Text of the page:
A CRITICAL INTRODUCTION TO THE STUDY OF RELIGION
Craig Martin. Sheffield: Equinox, 2012, ISBN 978-1-84553-992-4, 192 pp.
Reviewed for The Religious Studies Project (RSP) by David G. Robertson. Published 30 November 2012. This review also forms part of book review podcast, recorded by the RSP, available here.
A Critical Introduction to the Study of Religion by Craig Martin, Assistant Professor of Religious Studies at St. Thomas Aquinas College, New York and editor of the Bulletin for the Study of Religion, is essentially an introduction to critical theory as applied to the study of religion, aimed at an undergraduate level. Critical theory, or the “socio-functional” approach, as Martin puts it (xiii) seeks to expose the assumptions which a given group takes for granted. As Russell McCutcheon, Tim Fitzgerald and others have persuasively argued, “religion” is a powerful tool in the naturalisation of socio-epistemological norms, which RS scholars may even be an essential part of, by positing “religion” as an existing thing which is “obviously” somehow apart from “culture”. Along the way, Martin does a good job of succinctly introducing the theories of scholars like Durkheim, Mary Douglas, Peter Berger, Bourdieu, Foucault, etc, and of explaining terms like projection, legitimisation, mystification and naturalisation. The chapter on habitus alone, which is as clear a description as I have seen yet, is worth the cover price on its own.
The tone is a bit chatty for my liking, but is certainly readable, and Martin has a real flair for paring the material down to the essentials without losing the clarity of his central arguments. The section on the difficulty of defining “religion” is a good example, and would make a useful introductory reading. I didn’t always agree with his examples, however, such as when he compares the category “religion” to the category “sea creature”. “Sea creature” may indeed be broader than “fish”, but is still clearly definable, unlike “religion” (5). Some too may find that too many of the examples are drawn from Christianity, something which Martin is open about; I, personally, do not. RS is often, and particularly so in the UK, seen as study of “the other religions”, but this beggars our analytical purpose. If RS does not de-mystify the entanglement of religion and society in our own culture, than it is nothing more than “The Comparison on the Other religions”. In the US, where RS is less entangled with Theology, scholars like Craig Martin and Dale Martin and presumably other people with Martin as their surname are doing good work using Christianity or Biblical Studies as a way into broader themes in RS. Not only that, but I think personally that using Christianity in this kind of work is more productive when teaching in the US or UK; it is harder to see these processes in one’s own culture than in others’, but much more enlightening, particularly for undergraduates.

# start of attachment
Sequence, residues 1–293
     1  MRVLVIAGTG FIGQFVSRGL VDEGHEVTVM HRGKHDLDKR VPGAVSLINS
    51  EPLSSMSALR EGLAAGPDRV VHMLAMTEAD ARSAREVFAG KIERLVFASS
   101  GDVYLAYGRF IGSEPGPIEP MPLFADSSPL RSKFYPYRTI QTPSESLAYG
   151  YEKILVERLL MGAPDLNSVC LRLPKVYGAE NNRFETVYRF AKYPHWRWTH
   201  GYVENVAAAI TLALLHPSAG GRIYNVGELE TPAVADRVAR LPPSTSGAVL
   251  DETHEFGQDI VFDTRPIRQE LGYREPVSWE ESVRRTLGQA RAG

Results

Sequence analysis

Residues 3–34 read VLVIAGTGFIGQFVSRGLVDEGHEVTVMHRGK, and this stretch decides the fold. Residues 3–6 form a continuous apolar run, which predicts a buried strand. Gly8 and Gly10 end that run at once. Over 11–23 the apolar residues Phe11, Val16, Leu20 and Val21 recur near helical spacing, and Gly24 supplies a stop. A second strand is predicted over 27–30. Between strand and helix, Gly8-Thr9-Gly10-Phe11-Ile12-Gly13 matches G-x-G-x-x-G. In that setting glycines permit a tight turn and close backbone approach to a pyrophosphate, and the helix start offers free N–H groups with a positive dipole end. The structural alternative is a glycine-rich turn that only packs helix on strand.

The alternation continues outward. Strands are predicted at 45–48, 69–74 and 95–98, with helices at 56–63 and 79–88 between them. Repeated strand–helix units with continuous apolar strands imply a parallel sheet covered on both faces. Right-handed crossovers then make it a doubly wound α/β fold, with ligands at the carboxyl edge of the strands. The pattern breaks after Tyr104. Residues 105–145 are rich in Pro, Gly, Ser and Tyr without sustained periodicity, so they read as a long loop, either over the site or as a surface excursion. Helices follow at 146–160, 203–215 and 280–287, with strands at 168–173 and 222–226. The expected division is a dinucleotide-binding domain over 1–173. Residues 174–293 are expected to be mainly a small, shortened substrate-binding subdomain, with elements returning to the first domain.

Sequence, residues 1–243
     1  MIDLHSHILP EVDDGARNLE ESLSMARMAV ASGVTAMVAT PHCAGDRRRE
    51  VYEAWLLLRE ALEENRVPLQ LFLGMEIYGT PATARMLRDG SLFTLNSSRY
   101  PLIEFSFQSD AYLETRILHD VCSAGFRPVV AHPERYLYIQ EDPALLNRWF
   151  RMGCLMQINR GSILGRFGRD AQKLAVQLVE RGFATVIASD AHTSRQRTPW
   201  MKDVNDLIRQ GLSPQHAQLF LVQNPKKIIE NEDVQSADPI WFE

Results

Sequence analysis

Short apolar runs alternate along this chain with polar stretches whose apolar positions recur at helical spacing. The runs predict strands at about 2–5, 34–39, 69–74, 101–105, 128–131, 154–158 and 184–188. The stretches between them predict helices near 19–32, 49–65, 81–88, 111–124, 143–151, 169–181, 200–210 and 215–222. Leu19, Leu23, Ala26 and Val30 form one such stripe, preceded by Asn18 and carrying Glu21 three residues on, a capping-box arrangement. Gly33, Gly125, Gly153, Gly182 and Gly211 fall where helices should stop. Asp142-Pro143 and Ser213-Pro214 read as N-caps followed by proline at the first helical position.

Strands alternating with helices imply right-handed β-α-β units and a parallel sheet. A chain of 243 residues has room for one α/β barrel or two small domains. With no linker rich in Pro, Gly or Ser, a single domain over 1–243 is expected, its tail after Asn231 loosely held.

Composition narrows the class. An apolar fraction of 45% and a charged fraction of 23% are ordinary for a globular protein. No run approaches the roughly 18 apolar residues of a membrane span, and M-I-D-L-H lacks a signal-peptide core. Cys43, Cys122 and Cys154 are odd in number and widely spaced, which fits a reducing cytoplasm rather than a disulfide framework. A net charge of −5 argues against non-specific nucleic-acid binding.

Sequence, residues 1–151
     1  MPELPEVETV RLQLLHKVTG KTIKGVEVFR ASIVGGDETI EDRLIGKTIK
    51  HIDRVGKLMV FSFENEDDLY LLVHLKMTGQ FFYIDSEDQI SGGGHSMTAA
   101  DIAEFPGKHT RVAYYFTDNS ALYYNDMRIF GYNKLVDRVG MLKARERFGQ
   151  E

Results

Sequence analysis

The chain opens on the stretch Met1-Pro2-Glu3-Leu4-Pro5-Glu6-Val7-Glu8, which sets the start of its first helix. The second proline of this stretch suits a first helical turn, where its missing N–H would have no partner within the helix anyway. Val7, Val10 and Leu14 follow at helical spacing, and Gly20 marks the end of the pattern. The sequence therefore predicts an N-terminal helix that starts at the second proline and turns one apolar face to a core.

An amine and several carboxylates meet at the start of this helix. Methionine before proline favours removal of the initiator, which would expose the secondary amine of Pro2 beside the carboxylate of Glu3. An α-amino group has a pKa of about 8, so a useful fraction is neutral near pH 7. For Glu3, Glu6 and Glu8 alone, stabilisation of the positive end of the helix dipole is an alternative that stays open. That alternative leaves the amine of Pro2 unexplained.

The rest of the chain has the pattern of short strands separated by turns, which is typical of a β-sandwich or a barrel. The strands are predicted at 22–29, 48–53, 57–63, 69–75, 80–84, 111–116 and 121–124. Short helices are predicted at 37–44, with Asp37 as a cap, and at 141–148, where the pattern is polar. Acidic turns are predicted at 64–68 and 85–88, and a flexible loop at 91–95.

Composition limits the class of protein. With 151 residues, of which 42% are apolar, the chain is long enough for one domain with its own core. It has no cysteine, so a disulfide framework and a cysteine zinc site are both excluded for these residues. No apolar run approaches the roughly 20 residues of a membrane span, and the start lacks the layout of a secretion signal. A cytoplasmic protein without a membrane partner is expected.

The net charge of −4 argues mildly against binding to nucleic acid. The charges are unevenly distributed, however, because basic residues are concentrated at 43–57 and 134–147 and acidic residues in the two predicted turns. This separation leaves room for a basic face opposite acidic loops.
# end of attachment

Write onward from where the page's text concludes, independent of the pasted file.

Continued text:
What is particularly interesting about this book, though, is that it offers a potential alternative “Introduction to Religious Studies” (Religion 101 for our American listeners) course than the “here are the world religions” approach that concerns many of us. Indeed, this is how Martin himself uses the book. As such, it is perhaps a book which will be of interest for teachers, rather than the general RS reader. Most importantly, it suggests that the need for a change in approach has been felt, and responded to.
David G. Robertson,
University of Edinburgh, UK